Does context shape preference? A longitudinal study of built environment reverse impacts on travel behavior and attitudes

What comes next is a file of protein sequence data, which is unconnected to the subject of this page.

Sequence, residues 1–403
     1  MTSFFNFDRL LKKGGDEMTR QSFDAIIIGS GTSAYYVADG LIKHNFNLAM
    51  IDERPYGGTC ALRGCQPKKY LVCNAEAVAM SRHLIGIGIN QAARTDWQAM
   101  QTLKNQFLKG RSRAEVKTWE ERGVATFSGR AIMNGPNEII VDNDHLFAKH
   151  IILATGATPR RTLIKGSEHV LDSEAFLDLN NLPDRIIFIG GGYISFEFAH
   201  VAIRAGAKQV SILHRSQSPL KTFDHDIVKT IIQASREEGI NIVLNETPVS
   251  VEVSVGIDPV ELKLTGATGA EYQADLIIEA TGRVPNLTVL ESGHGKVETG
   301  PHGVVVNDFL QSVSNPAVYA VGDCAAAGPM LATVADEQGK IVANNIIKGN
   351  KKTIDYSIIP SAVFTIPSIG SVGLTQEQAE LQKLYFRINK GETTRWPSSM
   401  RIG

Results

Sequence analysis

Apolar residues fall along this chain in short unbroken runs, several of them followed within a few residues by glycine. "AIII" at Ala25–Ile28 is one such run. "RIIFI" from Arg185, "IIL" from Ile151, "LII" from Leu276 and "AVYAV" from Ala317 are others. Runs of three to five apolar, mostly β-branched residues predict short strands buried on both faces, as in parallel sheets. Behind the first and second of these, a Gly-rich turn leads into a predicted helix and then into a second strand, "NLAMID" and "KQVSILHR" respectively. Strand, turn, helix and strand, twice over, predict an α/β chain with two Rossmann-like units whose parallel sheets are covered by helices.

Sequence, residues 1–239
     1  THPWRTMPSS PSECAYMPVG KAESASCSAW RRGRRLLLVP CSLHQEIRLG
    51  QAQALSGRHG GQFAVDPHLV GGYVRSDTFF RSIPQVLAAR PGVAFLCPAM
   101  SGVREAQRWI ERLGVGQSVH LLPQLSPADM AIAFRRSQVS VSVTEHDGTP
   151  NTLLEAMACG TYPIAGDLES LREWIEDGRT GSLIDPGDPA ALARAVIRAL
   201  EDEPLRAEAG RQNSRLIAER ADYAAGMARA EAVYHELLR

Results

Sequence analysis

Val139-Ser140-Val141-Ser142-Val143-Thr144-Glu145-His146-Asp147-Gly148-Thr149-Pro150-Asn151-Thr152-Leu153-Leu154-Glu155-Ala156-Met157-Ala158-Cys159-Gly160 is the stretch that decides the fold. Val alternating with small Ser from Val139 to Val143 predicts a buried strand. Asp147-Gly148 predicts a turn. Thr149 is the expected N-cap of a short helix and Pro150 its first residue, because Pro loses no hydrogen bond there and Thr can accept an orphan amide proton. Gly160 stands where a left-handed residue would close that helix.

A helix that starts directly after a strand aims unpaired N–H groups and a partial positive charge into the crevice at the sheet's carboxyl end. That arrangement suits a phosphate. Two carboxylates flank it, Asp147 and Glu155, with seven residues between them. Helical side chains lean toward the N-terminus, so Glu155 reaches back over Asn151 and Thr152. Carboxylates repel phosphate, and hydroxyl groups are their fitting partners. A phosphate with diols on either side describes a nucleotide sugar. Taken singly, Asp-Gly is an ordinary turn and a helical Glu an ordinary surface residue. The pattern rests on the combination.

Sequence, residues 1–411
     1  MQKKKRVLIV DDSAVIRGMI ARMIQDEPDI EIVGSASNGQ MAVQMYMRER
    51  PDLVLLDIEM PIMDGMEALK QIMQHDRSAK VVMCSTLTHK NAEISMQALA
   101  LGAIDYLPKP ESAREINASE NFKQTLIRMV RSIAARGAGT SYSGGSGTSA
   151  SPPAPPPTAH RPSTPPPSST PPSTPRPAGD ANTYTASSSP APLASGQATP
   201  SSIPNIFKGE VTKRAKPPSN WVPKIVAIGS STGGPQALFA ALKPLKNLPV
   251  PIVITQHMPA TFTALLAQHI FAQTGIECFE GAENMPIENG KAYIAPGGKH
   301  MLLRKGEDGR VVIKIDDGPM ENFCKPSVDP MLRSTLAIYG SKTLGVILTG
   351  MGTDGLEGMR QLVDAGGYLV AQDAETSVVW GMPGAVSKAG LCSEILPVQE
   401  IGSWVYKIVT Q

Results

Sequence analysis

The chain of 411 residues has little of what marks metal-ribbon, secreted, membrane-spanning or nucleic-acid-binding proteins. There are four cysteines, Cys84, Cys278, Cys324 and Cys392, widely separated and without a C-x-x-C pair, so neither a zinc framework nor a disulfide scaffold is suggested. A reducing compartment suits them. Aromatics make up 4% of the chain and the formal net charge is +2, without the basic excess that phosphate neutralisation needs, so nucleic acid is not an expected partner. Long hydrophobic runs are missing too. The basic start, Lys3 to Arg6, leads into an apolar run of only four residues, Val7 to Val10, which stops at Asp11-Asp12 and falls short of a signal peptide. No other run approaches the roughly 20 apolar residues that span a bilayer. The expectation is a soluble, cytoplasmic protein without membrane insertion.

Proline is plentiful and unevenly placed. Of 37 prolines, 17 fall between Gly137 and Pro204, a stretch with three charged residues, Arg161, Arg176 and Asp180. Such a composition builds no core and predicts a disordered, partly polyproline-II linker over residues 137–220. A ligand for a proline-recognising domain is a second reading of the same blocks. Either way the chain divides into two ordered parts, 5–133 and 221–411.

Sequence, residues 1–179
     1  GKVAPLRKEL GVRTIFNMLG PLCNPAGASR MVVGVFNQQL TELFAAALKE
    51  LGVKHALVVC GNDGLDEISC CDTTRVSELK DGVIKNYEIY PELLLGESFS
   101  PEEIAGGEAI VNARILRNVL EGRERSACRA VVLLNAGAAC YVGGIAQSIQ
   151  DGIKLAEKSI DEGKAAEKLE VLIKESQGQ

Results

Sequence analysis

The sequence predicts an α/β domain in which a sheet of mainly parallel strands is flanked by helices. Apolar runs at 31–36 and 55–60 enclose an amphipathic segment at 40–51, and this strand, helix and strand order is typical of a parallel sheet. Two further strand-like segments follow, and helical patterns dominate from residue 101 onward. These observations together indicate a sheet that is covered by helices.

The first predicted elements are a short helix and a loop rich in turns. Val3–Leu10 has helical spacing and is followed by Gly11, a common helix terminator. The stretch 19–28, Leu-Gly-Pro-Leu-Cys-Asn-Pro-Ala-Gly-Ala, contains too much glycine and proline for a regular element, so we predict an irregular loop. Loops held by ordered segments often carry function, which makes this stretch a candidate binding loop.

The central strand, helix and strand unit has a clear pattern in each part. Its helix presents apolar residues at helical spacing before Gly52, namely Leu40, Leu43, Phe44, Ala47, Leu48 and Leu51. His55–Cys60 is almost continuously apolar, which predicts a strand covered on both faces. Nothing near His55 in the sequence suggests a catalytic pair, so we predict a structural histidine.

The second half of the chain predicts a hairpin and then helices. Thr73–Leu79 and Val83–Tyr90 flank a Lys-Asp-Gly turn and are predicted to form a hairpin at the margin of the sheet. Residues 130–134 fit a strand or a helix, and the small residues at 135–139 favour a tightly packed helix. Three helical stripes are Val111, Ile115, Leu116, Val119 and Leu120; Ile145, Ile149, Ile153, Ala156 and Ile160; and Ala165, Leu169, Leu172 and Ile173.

The effectiveness of land use policies for shaping people’s travel behavior and promoting more sustainable transportation remains a debated topic in planning discourse. An important part of this debate centers around individual’s travel attitudes and residential preferences. Some scholars argue that built environment interventions may not reflect people’s attitudes and preferences and therefore may be less effective to alter people’s auto-oriented travel behavior. Yet, one important issue that remains largely unexplored is the possibility of the built environment to influence individual travel attitudes and residential preference that reflect the long-term impacts of the built environment on travel behavior. My dissertation proposes an alternative conceptualization to the typical characterization of the built environment and travel behavior relationship. Contrary to the common assumption, I hypothesize that the built environment characteristics can impact travel behavior indirectly, by triggering attitudinal changes. An individual’s very preferences for certain kinds of residential settings and her underlying attitudes about travel choices in those settings result in part from their prior experiences living and traveling in specific built environment contexts. Individual preferences also result from earlier lifestyle choices made in those specific contexts. For example, a person who has moved into a transit-oriented neighborhood might gain new experience by using transit or simply get an exposure even by not using it (e.g., new information, observing others using it). These cognitive and behavioral processes could trigger a change of transit attitudes for that person. A more favorable attitudes might also influence them to choose similar residential environment in later stage. Conversely, lack of transit-oriented neighborhoods in the city or region where they live might restrict her ability to self-select into their preferred neighborhood. Each of these hypothesized relationships suggests plausible long term and reverse impacts of built environment on travel. A more systematic and empirical research is required to disentangle this causal mechanism which could guide evidence-based policy design and direct planners’ and policymakers’ attention to supply side questions about the built environment. The focus of my dissertation is to investigate these broader impacts of built environment which typically remains unaddressed in existing literature. Overall, this research addresses the overarching question: does the neighborhood characteristics where people live, have reverse impact on travel attitudes and residential preference?